US 20040105573 A1 Abstract Systems and techniques to implement augmented virtual environments. In one implementation, the technique includes: generating a three dimensional (3D) model of an environment from range sensor information representing a height field for the environment, tracking orientation information of image sensors in the environment with respect to the 3D model in real-time, projecting real-time video from the image sensors onto the 3D model based on the tracked orientation information, and visualizing the 3D model with the projected real-time video. Generating the 3D model can involve parametric fitting of geometric primitives to the range sensor information. The technique can also include: identifying in real time a region in motion with respect to a background image in real-time video, the background image being a single distribution background dynamically modeled from a time average of the real-time video, and placing a surface that corresponds to the moving region in the 3D model.
Claims(44) 1. A method comprising:
generating a three dimensional model of an environment from range sensor information representing a height field for the environment; tracking orientation information of at least one image sensor in the environment with respect to the three dimensional model in real-time; projecting real-time video imagery information from the at least one image sensor onto the three dimensional model based on the tracked orientation information; and visualizing the three dimensional model with the projected real-time video imagery. 2. The method of 3. The method of identifying a structure in the range sensor information; selecting a set of geometric primitives, including a superquadratic, to use in the parametric fitting with respect to the identified structure based on a shape of the structure. 4. The method of 5. The method of 6. The method of 7. The method of 8. The method of 9. The method of 10. The method of 11. The method of generating a depth map image from a video sensor viewpoint; and projective texture mapping the real-time video imagery information onto the three dimensional model conditioned upon visibility as determined from the generated depth map image. 12. The method of 13. The method of video-projecting onto a display screen using a stereo video-projector; and coupling a rendering viewpoint to a user's head position using data from a tracker. 14. An augmented virtual environment system comprising:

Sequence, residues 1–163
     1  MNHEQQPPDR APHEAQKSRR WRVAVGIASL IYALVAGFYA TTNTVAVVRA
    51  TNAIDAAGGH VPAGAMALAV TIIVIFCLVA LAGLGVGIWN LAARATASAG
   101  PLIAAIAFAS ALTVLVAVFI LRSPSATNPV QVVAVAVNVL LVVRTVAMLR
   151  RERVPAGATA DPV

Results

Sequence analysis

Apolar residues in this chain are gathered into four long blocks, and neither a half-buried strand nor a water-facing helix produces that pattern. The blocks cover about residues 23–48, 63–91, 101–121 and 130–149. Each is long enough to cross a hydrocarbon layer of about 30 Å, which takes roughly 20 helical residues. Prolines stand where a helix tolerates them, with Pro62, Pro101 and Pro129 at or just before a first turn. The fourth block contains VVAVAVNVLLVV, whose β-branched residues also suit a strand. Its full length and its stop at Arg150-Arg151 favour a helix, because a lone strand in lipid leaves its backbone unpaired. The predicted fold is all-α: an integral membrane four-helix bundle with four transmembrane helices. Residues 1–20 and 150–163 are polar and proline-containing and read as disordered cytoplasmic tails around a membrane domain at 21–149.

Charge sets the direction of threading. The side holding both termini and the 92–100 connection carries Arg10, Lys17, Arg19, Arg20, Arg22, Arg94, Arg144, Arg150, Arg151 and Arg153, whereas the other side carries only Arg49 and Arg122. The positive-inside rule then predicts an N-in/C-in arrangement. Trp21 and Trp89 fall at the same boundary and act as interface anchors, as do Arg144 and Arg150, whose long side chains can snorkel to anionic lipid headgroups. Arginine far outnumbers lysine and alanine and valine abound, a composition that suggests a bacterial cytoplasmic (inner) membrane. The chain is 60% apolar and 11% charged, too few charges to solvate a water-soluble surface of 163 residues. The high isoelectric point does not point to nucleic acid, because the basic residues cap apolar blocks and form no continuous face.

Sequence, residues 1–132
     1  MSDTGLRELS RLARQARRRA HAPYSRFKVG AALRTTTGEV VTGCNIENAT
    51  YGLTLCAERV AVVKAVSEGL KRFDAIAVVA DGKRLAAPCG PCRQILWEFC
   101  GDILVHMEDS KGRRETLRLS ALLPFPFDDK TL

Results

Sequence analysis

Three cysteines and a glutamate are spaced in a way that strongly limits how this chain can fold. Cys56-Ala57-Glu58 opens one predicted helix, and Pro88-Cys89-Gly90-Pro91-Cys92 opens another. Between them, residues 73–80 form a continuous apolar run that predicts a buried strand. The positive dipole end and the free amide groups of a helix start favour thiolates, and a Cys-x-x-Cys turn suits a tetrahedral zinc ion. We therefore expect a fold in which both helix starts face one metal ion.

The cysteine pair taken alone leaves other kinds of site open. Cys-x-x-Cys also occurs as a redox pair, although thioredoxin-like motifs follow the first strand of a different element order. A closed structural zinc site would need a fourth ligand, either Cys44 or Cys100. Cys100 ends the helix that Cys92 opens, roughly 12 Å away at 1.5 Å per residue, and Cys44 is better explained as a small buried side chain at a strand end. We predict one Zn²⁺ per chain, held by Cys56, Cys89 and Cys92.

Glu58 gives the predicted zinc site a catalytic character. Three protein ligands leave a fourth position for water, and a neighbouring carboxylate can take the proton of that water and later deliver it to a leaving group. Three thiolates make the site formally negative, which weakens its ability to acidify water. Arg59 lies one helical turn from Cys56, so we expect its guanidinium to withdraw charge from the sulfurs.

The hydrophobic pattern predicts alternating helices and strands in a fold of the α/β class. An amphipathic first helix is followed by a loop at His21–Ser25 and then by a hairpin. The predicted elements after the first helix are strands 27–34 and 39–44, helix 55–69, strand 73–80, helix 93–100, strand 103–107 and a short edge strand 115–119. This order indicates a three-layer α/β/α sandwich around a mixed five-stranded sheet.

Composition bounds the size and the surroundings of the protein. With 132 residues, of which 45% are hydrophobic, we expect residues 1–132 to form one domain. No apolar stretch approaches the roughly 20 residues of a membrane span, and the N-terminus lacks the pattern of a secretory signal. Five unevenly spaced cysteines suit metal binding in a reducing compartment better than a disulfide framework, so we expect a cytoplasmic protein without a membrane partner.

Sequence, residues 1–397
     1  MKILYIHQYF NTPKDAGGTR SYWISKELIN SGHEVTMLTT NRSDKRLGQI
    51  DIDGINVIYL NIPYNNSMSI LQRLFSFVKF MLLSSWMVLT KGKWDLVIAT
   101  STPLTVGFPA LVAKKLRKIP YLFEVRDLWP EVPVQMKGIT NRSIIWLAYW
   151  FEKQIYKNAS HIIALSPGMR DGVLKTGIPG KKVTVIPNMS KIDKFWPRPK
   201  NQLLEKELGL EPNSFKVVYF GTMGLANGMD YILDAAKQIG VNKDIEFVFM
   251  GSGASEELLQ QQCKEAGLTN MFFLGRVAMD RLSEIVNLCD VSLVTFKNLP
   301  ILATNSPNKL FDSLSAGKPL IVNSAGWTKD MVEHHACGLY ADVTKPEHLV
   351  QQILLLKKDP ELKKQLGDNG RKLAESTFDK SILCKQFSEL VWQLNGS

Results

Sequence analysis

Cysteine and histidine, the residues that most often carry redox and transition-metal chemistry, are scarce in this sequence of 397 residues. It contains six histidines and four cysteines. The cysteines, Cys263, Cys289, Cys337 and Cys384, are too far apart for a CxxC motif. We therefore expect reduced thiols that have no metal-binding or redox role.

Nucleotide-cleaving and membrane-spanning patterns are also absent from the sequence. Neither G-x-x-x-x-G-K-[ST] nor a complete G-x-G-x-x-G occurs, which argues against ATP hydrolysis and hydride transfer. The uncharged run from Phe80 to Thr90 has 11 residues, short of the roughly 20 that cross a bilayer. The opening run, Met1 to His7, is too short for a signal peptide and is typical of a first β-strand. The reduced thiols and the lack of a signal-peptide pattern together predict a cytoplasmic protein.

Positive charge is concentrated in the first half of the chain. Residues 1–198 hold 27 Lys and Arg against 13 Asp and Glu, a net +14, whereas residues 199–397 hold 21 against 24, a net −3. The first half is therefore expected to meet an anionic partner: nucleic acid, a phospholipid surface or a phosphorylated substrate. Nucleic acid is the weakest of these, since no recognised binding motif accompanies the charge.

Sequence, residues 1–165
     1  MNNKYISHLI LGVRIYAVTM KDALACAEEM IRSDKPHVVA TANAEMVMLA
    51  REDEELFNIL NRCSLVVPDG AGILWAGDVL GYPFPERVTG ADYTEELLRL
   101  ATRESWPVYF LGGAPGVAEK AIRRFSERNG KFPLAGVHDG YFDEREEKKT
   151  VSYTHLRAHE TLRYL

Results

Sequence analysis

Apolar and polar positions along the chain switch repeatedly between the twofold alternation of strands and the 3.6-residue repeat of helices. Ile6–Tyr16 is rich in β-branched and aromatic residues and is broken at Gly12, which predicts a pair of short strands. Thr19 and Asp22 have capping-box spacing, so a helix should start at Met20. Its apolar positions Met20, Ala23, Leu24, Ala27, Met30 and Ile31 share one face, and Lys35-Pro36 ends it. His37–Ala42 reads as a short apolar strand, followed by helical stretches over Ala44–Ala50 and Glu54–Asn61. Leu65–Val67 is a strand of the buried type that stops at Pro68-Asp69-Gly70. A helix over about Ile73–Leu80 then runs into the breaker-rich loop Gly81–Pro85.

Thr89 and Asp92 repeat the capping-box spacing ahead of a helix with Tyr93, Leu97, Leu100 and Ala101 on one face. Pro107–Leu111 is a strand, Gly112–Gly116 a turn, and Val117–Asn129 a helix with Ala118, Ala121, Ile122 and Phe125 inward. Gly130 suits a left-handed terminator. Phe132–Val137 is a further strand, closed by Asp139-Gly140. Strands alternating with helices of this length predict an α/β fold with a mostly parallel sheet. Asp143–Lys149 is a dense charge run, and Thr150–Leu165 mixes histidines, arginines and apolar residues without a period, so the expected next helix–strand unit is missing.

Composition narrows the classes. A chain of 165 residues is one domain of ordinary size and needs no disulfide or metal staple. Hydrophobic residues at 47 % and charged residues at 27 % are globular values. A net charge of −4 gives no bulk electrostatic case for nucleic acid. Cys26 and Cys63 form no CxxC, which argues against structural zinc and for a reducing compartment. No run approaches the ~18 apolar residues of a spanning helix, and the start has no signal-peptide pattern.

a model construction component that generates a three dimensional model of an environment from range sensor information representing a height field for the environment; a dynamic fusion imagery projection component that projects real-time video imagery information from at least one image sensor onto the three dimensional model based on orientation information of the at least one image sensor tracked in the environment with respect to the three dimensional model in real-time; and a visualization sub-system that visualizes the three dimensional model with the projected real-time video imagery. 15. The system of 16. The system of 17. The system of 18. The system of identifying a structure in the range sensor information; selecting a set of geometric primitives, including a superquadratic, based on a shape of the structure; and parametric fitting of the selected geometric primitives to the range sensor information. 19. The system of projecting and resampling points in the range sensor information onto a regular grid at a user-defined resolution to produce the height field; and processing the height field using hole-filling and tessellation to generate a triangle mesh representation of the three dimensional model. 20. The system of 21. The system of 22. The system of 23. The system of a stereo video-projector; and a tracker. 24. A method comprising:
obtaining a three dimensional model of an environment; identifying in real time a region in motion with respect to a background image in real-time video imagery information from at least one image sensor having associated position and orientation information with respect to the three dimensional model, the background image comprising a single distribution background dynamically modeled from a time average of the real-time video imagery information; placing a surface that corresponds to the moving region in the three dimensional model; projecting the real-time video imagery information onto the three dimensional model, including the surface, based on the position and orientation information; and visualizing the three dimensional model with the projected real-time video imagery. 25. The method of 26. The method of casting a ray from an optical center, corresponding to the real-time video imagery information, to a bottom point of the moving region in an image plane in the three dimensional model; and determining a position, an orientation and a size of the two dimensional surface based on the ray, a ground plane in the three dimensional model, and the moving region. 27. The method of subtracting the background image from the real-time video imagery information; identifying a foreground object in the subtracted real-time video imagery information; validating the foreground object by correlation matching between identified objects in neighboring image frames; and outputting the validated foreground object. 28. The method of 29. The method of 30. The method of 31. The method of 32. An augmented virtual environment system comprising: